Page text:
Growing and Caring for the Bearded Iris

Growing and Caring for the Bearded Iris
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Growing the Bearded IrisBearded irises are one of those flowers that are easy to share with family and friends. Many of us remember our grandmothers growing beds of irises, just as my mom does now. They tend to multiply quickly and I've been fortunate to "inherit" purple and yellow iris varieties from my mother and mother-in-law.

They make a beautiful cut flower and come in many different colors and heights. The classifications are miniature dwarf, standard dwarf, intermediate, miniature tall, border and tall.

They range in height from less than 8 inches to about 38 inches. The smaller varieties flower first, followed by the medium height, and then the taller irises. There are also reblooming irises available now, but let me warn you they are very expensive.

Though old fashioned bearded irises bloom only once in the late spring and early summer, they are easy to incorporate into your landscape. Plant clumps of dwarf varieties in rock gardens, and the others work well in borders, cutting gardens or where space allows, a sunny corner all to themselves!

They are easy to grow, but do have some quirky characteristics. As I was writing and putting together my information I realized my mother and grandma would no doubt be chuckling that I'm going to so much trouble to explain how to grow something that they just "threw in the soil" and grew year after year.

But I learned the hard way that sometimes that just doesn't work! A little bit of planning and knowledge is a good thing, especially when it comes to maintaining spring blooming flowers.

The rhizome of the iris isn't buried in the soil. It's a homely looking long "bulb" with roots coming out the bottom of it. The iris leaves and stalks come from one end of it. The roots should be beneath the soil, but the rhizome should be just covered to where you can actually see the very top of it. It needs to be exposed to the sunlight. This was on of my first lessons in irises.

One way to plant is to work your bed, dig a hole, then mound up a little pile of dirt. Set your rhizome on top of this mound with the roots draped over the dirt, then fill in the hole and cover the roots, leaving the top of the rhizome exposed.. Irises cannot not tolerate wet or damp soil, especially near the rhizomes which will rot or become diseased if kept moist.

Also, I found from experience that it's best to work your soil well, and plant carefully, checking them the first few weeks especially to make sure the squirrels, dogs etc. haven't knocked them around or moved them. If your rhizomes grow crooked them your irises will be lopsided. They grow well in raised beds, so consider that as well. Once they are established in the ground they are fine, but watch those first couple of weeks.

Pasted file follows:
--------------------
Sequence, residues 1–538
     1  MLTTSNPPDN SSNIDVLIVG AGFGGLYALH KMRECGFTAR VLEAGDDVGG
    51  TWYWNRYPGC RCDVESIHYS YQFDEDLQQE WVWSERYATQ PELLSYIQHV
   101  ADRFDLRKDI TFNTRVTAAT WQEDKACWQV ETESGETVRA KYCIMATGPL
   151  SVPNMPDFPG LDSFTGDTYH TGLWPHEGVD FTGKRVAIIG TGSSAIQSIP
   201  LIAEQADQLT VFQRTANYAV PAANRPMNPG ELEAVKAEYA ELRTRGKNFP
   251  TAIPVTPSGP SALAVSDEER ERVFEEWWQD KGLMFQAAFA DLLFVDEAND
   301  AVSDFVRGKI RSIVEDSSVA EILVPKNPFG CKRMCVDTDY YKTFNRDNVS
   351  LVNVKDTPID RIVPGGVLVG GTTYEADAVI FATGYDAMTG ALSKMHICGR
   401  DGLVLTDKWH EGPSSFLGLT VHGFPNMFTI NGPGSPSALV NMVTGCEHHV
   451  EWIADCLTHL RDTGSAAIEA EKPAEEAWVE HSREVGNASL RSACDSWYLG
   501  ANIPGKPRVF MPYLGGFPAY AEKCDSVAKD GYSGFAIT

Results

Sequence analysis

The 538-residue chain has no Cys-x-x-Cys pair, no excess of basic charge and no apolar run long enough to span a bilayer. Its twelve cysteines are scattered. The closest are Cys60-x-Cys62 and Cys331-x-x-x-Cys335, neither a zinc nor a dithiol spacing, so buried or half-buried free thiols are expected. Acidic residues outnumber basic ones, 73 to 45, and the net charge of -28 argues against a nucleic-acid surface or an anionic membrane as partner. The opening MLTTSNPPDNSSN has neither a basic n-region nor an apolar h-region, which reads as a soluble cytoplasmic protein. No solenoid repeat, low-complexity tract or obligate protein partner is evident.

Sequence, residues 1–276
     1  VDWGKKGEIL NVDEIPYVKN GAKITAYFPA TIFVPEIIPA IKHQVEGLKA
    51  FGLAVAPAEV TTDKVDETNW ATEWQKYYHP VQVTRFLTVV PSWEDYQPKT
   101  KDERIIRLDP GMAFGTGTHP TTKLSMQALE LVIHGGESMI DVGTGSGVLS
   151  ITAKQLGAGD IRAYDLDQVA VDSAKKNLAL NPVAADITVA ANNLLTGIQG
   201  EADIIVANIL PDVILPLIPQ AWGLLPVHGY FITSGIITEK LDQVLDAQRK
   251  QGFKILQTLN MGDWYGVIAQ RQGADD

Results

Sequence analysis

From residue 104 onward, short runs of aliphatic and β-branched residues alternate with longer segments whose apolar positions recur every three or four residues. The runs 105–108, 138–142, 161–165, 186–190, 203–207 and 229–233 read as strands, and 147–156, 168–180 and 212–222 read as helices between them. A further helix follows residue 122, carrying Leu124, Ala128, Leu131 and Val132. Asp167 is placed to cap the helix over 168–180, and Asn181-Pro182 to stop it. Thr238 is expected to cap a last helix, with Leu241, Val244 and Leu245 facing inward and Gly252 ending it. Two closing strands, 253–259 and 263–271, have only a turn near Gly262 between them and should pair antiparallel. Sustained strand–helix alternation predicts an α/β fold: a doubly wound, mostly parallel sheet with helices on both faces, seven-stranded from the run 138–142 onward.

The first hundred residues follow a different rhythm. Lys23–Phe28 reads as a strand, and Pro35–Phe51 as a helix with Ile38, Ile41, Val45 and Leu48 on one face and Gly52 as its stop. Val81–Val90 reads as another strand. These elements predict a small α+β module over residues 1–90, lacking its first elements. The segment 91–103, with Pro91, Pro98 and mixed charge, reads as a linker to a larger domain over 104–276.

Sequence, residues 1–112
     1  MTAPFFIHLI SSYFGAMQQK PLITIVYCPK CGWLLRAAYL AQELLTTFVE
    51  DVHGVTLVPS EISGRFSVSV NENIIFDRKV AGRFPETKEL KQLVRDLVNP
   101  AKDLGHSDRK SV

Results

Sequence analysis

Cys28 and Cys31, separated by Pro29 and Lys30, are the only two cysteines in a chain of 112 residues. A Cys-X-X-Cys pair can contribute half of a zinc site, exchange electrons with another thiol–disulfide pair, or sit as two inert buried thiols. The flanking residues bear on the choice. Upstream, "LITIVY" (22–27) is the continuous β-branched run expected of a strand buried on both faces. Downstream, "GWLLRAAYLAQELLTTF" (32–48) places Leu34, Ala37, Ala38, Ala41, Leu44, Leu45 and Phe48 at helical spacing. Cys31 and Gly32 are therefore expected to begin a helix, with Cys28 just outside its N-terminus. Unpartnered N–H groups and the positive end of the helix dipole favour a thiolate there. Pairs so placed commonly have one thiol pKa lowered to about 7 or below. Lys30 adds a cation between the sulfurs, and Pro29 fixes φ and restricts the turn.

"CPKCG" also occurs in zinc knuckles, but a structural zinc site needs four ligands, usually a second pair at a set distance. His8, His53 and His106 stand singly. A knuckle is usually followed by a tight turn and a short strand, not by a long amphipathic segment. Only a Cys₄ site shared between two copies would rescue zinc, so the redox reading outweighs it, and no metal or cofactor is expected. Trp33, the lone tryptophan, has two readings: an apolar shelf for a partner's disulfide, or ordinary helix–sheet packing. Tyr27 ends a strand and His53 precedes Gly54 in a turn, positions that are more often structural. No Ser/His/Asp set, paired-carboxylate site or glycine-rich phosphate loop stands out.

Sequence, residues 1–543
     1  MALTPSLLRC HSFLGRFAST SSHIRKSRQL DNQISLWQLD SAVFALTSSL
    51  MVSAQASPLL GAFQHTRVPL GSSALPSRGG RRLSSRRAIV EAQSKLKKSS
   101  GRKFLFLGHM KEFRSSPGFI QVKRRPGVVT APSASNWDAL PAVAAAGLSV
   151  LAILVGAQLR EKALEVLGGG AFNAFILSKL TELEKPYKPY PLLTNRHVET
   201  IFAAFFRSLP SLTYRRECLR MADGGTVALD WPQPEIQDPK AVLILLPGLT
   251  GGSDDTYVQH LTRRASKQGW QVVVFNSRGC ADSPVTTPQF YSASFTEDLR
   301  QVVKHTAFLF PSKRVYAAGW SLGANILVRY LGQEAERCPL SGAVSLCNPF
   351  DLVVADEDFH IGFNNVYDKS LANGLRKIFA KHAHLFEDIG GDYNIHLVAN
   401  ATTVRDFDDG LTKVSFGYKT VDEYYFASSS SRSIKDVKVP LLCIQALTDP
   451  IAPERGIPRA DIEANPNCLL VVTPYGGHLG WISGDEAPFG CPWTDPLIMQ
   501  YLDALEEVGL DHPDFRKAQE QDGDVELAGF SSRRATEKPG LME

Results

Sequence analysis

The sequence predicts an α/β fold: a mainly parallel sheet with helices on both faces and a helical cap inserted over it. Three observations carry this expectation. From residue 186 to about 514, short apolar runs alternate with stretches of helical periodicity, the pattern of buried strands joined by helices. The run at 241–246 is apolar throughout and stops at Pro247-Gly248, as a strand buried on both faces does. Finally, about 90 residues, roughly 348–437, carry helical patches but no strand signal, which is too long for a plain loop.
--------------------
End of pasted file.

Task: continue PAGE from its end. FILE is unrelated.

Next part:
Irises tend not to like compost or manure (unless you dig it in at least 6 inches into the soil), but potash or a low nitrogen fertilizer is fine if done in moderation and if it's kept from directly touching the rhizome They shouldn't be mulched either. In other words, you don't want anything touching or blocking that rhizome. Full sun is best for location, but you may be able to get away with partial shade in some cases.

If they don't do well, then you can transplant them after they have bloomed during the summer-July through August is a good time to divide your irises too. Always use a knife to cut apart the rhizomes-don't break or tear. The same goes for cutting the blooms or leaves-cut crisply and cleanly. When planting new irises or dividing always inspect your rhizomes. Discard any soft or rotted looking ones, and watch for a nasty worm called a borer. These are bad, and the rhizome should thrown away.

I hope all this information doesn't seem overwhelming. Irises are an old fashioned flower that adds beauty and charm to our gardens year after year, and they can easily be handed down to future gardeners for their enjoyment. What more can we ask of a flower?


I have had bearded irises for years and this is the first time I have noticed an odd growth on one of them, looks like a small thin green pumpkin...what is this and what do I do with it? ~Naida

Those are seed pods and you'll begin to notice after they stop growing they will turn brown and start to open at the top. Inside are the seeds of the iris. You can either just cut them off now with the faded flowers or leave a couple on and let them ripen. Try putting them into pots as soon as they are brown and shiny. Keep them outside and in the winter move them to a more protected area. They'll need warmth then cold to germinate properly. You can cover them with straw in the coldest part of the winter for protection.

My Iris get leaf spot every year. Do you have any ideas for them? I have sprayed them, but they seem to get it again. I have a batch by the house which don't get them, but other places on the property do? ~Ginny

I wonder if you don't need to move them from that soil. From what I've found you need to remove ALL foliage that is infected and burn it-- plus in mild climates you may need to actually destroy the plants that have it because it can continue to live in the soil. That would explain why some of yours have it and others don't. I would start by removing all of the foliage now--and burning it--don't leave even a little piece on the ground. Then see what happens next year and if they still have it I'd try moving to a different location.



About The Author

Brenda Hyde is a freelance writer living on ten acres in rural Michigan with her husband and three kids. She is a mom, grandma, gardener, cook and writer. She blogs on all of these topics at


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